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MONTEVERDE, Costa Rica — The cloud forests of Monteverde are known around the world for their biodiversity. But locals and scientists are warning the delicate ecosystem is increasingly without the clouds.
Increasing temperatures have caused the clouds in the mountain forests around Monteverde to rise, and scientists believe the warming climate is leading to the redistribution of species in the highlands, renowned for the striking biodiversity that draws in hundreds of thousands of tourists each year.
That is bad news. Monteverde’s cloudless cloud forests are a symptom of a regional change in climate with ecological and economic implications, since farming patterns change and the tourism industry could be hit. Data collected since the 1970s by bat biologist Richard LaVal show that the average minimum temperature of Monteverde increased nearly 3 degrees Celsius from 1990 to 2000 — which can expand the range of tropical lowland species 400 vertical meters into the cooler highlands. While the average temperature has decreased in recent years, the data continue to indicate a long-term trend of increasing temperatures, researchers say.
The increasing temperatures in the highlands have opened the door for lowland flora and fauna — which are adapted to warmer temperatures — to move into highland ecosystems where they were not usually found before.
“We have at least 25 new bat species on the mountain from the tropical lowlands [that] are now here in Monteverde,” said Vino De Backer, a Belgian zoologist who has studied bats in Monteverde under Laval for the past eight years. His recent research has focused on upward elevation changes when increasing temperatures contribute to the vertical expansion of lowland species’ range.
As part of an ongoing data collection effort, De Backer found that highland species such as the Toltec fruit-eating bat have retreated to even higher altitudes as the temperature increases in its native range and lowland species move into the highlands.
“It’s almost half the percentage that it was before,” he said of the Toltec bat. “They are here, but they are retreating to higher elevation.”
LaVal and De Backer’s data show that in the early 1970s the Toltec bat accounted for 26.4 percent of bats collected in Monteverde. Last year it accounted for only 19.5 percent. From the 1970s to 1990s, another highland species, the highland yellow-shouldered bat, dropped from 43.2 percent to 22.4 percent.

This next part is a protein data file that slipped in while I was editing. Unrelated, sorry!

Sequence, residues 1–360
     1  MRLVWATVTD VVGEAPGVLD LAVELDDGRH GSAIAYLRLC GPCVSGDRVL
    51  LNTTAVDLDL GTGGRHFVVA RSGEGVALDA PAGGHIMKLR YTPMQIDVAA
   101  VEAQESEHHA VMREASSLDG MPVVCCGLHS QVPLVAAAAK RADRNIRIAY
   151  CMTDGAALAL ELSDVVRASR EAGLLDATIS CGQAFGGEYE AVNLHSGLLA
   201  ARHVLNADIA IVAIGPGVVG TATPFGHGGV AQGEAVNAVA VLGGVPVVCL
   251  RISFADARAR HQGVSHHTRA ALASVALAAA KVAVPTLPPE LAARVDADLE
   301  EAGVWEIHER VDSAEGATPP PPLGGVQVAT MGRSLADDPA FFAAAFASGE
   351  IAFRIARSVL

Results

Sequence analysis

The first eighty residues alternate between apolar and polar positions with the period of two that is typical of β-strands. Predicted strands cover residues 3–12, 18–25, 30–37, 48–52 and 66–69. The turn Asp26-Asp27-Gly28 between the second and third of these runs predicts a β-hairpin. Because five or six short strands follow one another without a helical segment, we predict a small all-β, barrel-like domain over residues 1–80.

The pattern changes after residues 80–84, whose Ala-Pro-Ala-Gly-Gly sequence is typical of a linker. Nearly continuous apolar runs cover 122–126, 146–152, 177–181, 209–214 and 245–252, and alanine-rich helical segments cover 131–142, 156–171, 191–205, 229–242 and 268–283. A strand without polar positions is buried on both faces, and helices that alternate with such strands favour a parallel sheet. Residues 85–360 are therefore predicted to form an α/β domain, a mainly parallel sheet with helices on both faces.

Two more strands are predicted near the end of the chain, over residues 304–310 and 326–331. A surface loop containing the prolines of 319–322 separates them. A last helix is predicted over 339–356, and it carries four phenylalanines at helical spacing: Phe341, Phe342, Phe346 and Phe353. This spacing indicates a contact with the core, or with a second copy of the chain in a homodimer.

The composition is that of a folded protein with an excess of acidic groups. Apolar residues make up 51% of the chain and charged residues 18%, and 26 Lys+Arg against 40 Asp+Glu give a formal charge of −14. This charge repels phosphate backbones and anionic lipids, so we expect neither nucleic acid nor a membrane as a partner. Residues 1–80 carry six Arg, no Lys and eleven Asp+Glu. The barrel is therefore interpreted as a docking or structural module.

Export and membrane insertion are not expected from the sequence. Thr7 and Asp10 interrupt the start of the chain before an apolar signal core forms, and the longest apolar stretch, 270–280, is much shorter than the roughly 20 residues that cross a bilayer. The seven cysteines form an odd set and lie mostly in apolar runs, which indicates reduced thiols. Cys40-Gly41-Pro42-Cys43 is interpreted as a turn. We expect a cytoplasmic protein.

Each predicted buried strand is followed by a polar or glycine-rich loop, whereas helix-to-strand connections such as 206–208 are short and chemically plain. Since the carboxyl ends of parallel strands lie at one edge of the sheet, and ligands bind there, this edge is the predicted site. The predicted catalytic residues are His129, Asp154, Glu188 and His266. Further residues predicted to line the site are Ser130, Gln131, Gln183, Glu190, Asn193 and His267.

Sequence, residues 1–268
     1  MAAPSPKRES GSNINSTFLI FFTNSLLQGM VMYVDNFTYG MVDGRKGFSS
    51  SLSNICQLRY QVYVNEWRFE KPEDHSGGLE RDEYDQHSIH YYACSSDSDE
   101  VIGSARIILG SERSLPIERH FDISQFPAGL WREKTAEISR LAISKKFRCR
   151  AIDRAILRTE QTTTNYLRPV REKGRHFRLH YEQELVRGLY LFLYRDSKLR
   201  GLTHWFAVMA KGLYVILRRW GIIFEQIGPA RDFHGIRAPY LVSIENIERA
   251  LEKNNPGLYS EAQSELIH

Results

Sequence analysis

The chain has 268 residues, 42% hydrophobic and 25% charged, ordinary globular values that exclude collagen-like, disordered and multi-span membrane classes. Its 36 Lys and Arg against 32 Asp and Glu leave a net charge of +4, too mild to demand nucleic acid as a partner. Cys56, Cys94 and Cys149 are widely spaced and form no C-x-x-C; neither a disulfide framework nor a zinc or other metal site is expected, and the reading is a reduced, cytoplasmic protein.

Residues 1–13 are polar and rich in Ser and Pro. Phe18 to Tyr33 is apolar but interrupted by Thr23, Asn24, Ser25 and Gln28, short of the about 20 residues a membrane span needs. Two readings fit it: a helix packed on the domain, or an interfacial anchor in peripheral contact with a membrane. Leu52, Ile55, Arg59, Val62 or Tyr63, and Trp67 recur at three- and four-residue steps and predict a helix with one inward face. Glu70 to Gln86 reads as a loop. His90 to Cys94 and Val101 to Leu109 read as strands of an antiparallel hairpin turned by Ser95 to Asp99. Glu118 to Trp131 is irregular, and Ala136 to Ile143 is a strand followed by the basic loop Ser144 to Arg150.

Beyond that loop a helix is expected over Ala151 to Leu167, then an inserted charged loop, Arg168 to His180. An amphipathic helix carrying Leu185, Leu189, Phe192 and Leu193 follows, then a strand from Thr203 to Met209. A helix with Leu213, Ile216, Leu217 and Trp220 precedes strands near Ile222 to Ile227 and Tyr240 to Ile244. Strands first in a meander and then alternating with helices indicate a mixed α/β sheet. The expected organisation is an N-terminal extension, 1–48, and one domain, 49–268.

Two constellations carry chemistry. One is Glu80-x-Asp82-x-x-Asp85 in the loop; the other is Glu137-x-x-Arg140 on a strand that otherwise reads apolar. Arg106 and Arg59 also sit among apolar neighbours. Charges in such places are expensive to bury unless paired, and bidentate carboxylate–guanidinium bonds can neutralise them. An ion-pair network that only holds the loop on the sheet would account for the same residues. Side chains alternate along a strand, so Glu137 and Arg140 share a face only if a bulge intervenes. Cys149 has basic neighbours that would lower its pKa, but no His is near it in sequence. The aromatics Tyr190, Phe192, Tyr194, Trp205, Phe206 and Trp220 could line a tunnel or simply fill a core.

Meanwhile, lowland bat species are moving higher into the native range of bats such as the Toltec. The Jamaican fruit bat — a lowland species — went from none in the 1970s to 12.6 percent of specimens caught last year.
“Now they are all over in Monteverde,” De Backer said.
Other lowland species of flora and fauna have moved into the highlands as well, causing problems for area farmers. Oldemar Salazar Picado grows coffee just below the famed Monteverde Cloud Forest Reserve. Over the past two years, the unprecedented number and abundance of fungi have destroyed approximately 80 percent of his crop. The roya fungus, also called coffee rust, has attacked his coffee plants at an unprecedented level, and he suspects the warmer temperatures and irregular weather patterns in recent years are to blame.
“I’ve been here 20 years, and it’s never been as strong as it has been the last two years,” he said. Salazar has had to plant more coffee to compensate for losses to the fungus.
Lelo Mata Leiton, who also runs a small farm in the same region, has also noticed changes. Over the past few years he has seen an increase in the number of birds around his farm, including the Montezuma oropendula, a species adapted to the warmer climates closer to the coast. He said that the birds decimated most of his orange crop this year.